The line-up to be heard on "Ghosts" is a direct follow-up from "Weltentraum", an album which now clearly stands as a cornerstone in Wollny's discography, since it established his reputation as an artist "who can turn every conceivable piece of music into an experience to take your breath away" (Die Zeit). American bassist Tim Lefebvre‘s very particular sound and vibe are to be heard on albums by David Bowie, Wayne Krantz and Elvis Costello. Wollny‘s most recent adventure alongside him was the internationally acclaimed project "XXXX". Wollny says: "When you work with Tim, you're not just working with one of the world's top bass players - Tim always has a foot in the world of sound processing, and is constantly expanding his electronic tool-kit. In addition to that, he creates phenomenal clarity in music and in overall sound, which has an unbelievable effect: it gives a shape and an organisation to the music without ever restricting you."

Wollny has been playing with drummer Eric Schaefer for almost 20 years. Like Lefebvre, he is also a complete original, a musician with an almost orchestral approach to sound, an unmistakable sense of groove and impressive individuality."The three of us are aligned in a special , inexplicable way. It‘s hard to describe but the effect is massive," says Wollny. "Last but not least, we are connected by the long time we have spent together. As a trio we have a specific sound, and we are now developing that in a wholly new direction." On "Ghosts", the trio has created a sound in the specific tradition of "Southern Gothic": deep, earthy, full of vibrating, rattling low-tuned strings and drumheads, evoking memories of clapped-out guitar amps, distorted cones of speakers cones. The atmosphere here is oppressively hot, the air heavy with dust.

Before "Ghosts" was actually recorded, another trio - Michael Wollny and the two co-producers Andreas Brandis and Guy Sternberg- convened. Brandis, who had already been heavily involved in the concept of "XXXX", brought to the table the concept of an album of songs, with the right people involved. Sternberg - he, as sound engineer, and Wollny had created the sound world of "Wunderkammer", which was to serve as the point of departure for this new album. Wollny says: "Even before the setlist for the album was fixed, I had a very clear sound in mind, which we discussed extensively with Guy and Andreas beforehand." The trio inhabits an acoustic space where nothing is superfluous or goes to waste: the long-dying resonance from a cymbal, drum or plucked string, or a sound from a reverberant surface, all are somehow there in the air. And sometimes all that remains is an acoustic or an electronic echo, a sound that hovers and acquires its own mysterious and spectral existence.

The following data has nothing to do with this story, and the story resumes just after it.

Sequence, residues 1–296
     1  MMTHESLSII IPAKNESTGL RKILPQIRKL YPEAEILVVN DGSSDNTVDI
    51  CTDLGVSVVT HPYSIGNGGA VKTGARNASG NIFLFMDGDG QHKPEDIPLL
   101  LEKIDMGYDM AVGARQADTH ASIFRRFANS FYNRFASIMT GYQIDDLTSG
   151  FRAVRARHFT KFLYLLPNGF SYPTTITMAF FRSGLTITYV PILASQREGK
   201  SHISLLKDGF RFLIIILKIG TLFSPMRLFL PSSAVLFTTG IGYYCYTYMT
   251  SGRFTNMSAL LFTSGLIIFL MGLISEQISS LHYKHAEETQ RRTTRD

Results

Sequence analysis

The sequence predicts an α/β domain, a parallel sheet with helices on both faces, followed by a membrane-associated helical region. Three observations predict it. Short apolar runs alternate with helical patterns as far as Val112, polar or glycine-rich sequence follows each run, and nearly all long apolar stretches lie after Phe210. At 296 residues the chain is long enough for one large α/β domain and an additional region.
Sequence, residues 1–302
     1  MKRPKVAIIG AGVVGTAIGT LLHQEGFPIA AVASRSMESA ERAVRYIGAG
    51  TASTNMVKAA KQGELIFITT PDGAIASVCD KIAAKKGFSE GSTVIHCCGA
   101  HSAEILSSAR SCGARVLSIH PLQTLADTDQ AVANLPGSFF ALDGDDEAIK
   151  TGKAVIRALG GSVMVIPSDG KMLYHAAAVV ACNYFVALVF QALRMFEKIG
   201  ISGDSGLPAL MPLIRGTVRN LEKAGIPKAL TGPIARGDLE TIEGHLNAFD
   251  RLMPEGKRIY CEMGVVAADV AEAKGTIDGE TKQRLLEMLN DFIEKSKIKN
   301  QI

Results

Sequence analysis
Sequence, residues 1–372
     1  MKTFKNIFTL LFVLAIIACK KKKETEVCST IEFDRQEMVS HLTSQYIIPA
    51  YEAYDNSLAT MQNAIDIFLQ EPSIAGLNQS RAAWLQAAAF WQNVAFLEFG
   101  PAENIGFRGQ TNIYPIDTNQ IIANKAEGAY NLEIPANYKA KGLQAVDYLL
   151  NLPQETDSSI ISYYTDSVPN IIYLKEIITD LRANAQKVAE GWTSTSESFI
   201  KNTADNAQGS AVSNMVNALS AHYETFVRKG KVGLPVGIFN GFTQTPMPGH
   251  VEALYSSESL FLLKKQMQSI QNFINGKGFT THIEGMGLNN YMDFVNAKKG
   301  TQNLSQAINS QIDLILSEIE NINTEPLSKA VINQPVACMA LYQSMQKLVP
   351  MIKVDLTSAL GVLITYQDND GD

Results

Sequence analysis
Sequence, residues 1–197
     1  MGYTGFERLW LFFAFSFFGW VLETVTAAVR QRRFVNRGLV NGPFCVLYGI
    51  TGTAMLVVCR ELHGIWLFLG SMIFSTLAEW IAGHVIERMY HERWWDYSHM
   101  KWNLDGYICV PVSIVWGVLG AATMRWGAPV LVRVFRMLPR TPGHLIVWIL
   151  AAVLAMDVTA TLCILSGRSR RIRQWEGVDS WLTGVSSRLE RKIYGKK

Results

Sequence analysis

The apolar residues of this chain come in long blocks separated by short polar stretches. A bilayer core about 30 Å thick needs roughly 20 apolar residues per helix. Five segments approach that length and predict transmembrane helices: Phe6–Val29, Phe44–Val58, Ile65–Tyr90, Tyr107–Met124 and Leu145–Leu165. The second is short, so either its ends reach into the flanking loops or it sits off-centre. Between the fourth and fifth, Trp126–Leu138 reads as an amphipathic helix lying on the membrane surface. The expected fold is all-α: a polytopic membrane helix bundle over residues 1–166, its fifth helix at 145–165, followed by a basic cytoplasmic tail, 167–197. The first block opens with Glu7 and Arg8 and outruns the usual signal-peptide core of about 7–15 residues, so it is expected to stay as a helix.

All the tracks on the album have one thing in common: each is a snapshot in the life of an individual song. Wollny: "Especially in jazz, there is never one definitive version of a piece. The standards repertoire always haunts you in the best sense of the word, these songs are never finished, they always resurface." And so, when it comes to classics such as "I Loves You Porgy" and "In a Sentimental Mood", Wollny, Lefebvre and Schaefer‘s primary point of reference is not the original compositions, but versions by Nina Simone and John Coltrane / Duke Ellington. And from a time before jazz standards, there are the spirits that inhabit folk songs and which reappear whenever these songs are sung. As, for example, in the traditional Irish folk song "She Moved Through the Fair", which is almost a prototype for the idea that ghost stories are to a large extent also love stories. As is also the case for "Willow's Song" - a seductive and dangerous love song from the legendary soundtrack for the cinema thriller "Wicker Man", a classic of the Nordic horror genre, as strange as it is frightening. Also related to "grand guignol" and nature: a startlingly vivid arrangement of Franz Schubert's "Erlkönig". In addition, in reference to the sultry "Southern Gothic": "Hand of God" by Nick Cave & Warren Ellis, audibly dedicated to Wollny's great mentor, whom he describes as the "Hand of God", Joachim Kühn. And furthermore, "Beat the drum slowly" by the band Timber Timbre, a perennial favourite of Wollny's, and "Ghosts" by David Sylvian - perhaps the clearest representation of the themes that characterise "Ghosts": here we find that melodies and sounds can haunt memories that stay either hidden or repressed, and in a way that is at the same time seductive, touching, mysterious and profound. Two original compositions by Wollny find their place naturally in this cleverly selected programme, which is as heterogeneous as it is coherent: first is Wollny's eponymous contribution to "Hauntology", for him "a ‘song without words‘ which comes from another, past or strange, parallel pop world" and then "Monsters never breathe" with its melody that stretches into infinity and could only ever be sung if it were possible to sing without needing to pause for breath.

"All the songs are living ghosts and long for a living voice" wrote the Irish poet Brendan Kennelly (1936 - 2021) in one of his most famous poems. For Michael Wollny, this line is a cryptic and yet profound insight. It adds an eerie beauty and serves as a motto for his fascination for the magic of songs which this recording represents. When we talk about ghosts, we look into what seems to be the past, and bring back memories from it into our lives. We as listeners can all believe in the "Ghosts" that the Michael Wollny Trio hear. Because we can all hear them and recognise them.